Another unfortunate reminder of this came last week when Dale Regan, head of school in Jacksonville was gunned down by a fired teacher. Homicide is the leading cause of death for women in the workplace. The U.S. Department of Labor identifies factors that can increase the risk of workplace violence as:

Exchanging money with the public.
Working with volatile, unstable people.
Working alone or in isolated areas.
Working where alcohol is served.
Working late at night or in areas with high crime rates.

None of these are relevant to a school setting, but violence still found its way there. Behavioral warning signs are sometimes present, but in a termination, follow up safeguards may be necessary for high risk employees.

Workplace violence: `Anywhere, anytime’

by Karen Brune Mathis

Dale Regan’s death Tuesday, which police said was at the hands of a fired teacher, bears out the national statistic that homicide is the leading cause of death for women in the workplace.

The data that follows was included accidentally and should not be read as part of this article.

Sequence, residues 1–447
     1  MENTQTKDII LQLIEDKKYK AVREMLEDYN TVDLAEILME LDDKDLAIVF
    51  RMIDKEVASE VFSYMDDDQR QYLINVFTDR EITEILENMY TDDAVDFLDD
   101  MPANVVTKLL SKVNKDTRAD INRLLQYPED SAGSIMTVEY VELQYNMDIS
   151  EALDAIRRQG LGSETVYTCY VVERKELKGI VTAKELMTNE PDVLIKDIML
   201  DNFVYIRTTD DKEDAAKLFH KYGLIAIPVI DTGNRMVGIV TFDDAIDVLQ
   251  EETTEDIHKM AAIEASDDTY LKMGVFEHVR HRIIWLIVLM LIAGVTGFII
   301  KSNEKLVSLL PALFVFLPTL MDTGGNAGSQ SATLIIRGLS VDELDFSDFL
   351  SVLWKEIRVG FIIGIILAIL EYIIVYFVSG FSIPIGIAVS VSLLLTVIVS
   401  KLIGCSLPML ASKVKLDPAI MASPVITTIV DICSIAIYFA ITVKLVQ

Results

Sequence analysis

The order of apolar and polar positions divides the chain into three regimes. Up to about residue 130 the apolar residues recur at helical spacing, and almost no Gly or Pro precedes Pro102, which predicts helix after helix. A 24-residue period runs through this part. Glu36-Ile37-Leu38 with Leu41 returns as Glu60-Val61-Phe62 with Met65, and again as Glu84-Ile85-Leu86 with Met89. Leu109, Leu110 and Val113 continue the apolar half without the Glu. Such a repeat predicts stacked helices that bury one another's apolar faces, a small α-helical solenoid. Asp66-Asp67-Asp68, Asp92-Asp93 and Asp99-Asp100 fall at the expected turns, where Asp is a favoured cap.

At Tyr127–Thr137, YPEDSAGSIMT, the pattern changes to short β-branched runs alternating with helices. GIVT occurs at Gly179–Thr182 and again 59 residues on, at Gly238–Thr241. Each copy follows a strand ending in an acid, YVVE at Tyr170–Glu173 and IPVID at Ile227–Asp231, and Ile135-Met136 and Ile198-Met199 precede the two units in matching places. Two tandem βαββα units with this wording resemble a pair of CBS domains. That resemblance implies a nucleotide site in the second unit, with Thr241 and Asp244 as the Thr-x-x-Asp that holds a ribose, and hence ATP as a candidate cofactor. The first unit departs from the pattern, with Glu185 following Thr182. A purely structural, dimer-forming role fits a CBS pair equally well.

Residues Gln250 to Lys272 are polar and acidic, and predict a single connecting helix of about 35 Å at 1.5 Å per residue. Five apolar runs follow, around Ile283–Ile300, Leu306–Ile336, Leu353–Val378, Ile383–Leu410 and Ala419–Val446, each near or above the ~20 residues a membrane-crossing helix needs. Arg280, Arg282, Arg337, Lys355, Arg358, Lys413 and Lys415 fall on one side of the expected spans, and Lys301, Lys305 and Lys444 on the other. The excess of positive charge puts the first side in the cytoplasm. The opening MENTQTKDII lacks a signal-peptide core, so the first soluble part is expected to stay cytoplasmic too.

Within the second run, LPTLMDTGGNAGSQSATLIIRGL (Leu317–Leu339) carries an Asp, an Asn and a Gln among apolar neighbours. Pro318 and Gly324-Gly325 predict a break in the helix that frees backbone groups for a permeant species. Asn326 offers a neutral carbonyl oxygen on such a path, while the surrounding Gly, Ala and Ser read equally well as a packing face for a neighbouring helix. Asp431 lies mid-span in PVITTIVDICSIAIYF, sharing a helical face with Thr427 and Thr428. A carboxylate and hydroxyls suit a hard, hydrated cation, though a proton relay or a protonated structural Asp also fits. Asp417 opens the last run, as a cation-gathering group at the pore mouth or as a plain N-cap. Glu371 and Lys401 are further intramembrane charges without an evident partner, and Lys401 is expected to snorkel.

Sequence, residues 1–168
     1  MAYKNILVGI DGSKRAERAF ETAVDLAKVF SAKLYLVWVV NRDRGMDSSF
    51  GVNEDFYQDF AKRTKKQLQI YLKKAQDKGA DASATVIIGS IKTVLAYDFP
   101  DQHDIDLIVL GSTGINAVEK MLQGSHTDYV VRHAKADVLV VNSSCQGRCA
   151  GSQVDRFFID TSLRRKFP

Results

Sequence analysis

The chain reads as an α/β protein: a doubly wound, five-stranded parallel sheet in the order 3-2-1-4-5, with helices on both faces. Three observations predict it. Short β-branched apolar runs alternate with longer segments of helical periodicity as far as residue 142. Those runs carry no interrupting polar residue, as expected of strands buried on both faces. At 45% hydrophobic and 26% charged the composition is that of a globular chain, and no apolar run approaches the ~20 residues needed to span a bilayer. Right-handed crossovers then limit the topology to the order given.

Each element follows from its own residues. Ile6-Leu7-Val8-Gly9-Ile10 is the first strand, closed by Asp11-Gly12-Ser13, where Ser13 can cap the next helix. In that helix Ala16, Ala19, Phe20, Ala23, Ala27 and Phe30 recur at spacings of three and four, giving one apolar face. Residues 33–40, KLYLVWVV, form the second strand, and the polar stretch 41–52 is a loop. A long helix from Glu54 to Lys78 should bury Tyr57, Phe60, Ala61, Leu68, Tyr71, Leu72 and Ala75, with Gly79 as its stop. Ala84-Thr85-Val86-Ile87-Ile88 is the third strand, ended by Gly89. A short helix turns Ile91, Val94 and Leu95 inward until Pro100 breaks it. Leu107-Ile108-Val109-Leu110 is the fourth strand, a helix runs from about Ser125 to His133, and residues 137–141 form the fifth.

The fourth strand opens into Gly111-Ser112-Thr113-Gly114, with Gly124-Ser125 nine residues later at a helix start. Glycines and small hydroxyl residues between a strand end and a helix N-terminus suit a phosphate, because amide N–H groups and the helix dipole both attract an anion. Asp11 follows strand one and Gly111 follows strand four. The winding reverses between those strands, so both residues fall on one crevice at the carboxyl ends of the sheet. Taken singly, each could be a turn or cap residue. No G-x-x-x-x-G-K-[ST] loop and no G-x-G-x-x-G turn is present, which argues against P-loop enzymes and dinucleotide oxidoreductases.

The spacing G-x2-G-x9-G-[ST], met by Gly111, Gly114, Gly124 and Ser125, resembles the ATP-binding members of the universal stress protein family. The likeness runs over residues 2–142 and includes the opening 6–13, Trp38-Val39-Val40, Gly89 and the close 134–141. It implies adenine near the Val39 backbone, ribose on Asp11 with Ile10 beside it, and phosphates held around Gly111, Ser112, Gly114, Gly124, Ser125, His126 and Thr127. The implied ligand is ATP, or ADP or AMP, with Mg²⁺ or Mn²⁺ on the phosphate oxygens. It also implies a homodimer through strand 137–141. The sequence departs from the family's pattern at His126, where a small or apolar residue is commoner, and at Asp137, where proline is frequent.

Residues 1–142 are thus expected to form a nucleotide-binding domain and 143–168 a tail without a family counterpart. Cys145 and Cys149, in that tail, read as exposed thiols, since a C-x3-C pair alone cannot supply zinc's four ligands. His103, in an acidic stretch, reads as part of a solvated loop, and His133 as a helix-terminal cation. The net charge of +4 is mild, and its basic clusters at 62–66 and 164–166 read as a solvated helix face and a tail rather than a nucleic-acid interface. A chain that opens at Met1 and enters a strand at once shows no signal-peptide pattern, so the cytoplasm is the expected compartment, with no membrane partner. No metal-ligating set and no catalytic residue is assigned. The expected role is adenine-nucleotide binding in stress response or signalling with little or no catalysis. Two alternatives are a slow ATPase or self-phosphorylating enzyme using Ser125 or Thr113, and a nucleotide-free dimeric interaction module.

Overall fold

According to police, the 63-year-old head of school at the private Episcopal School of Jacksonville was shot and killed Tuesday by 28-year-old Shane Schumerth, a Spanish teacher who was fired earlier in the day. He then killed himself.

As the school, police and the community grapple with the deaths, area organizations likely are reviewing their security and employment policies to determine how to prevent such a tragedy.

It’s not a simple exercise.

“The sad but true fact is all such incidents cannot realistically be prevented. If someone is sick or intent enough to commit such an act there is often nothing that can be done to ensure total prevention short of turning our society into a police state,” said Michael Freed, managing partner of the Brennan, Manna & Diamond firm in Jacksonville. His practice includes business and corporate law.

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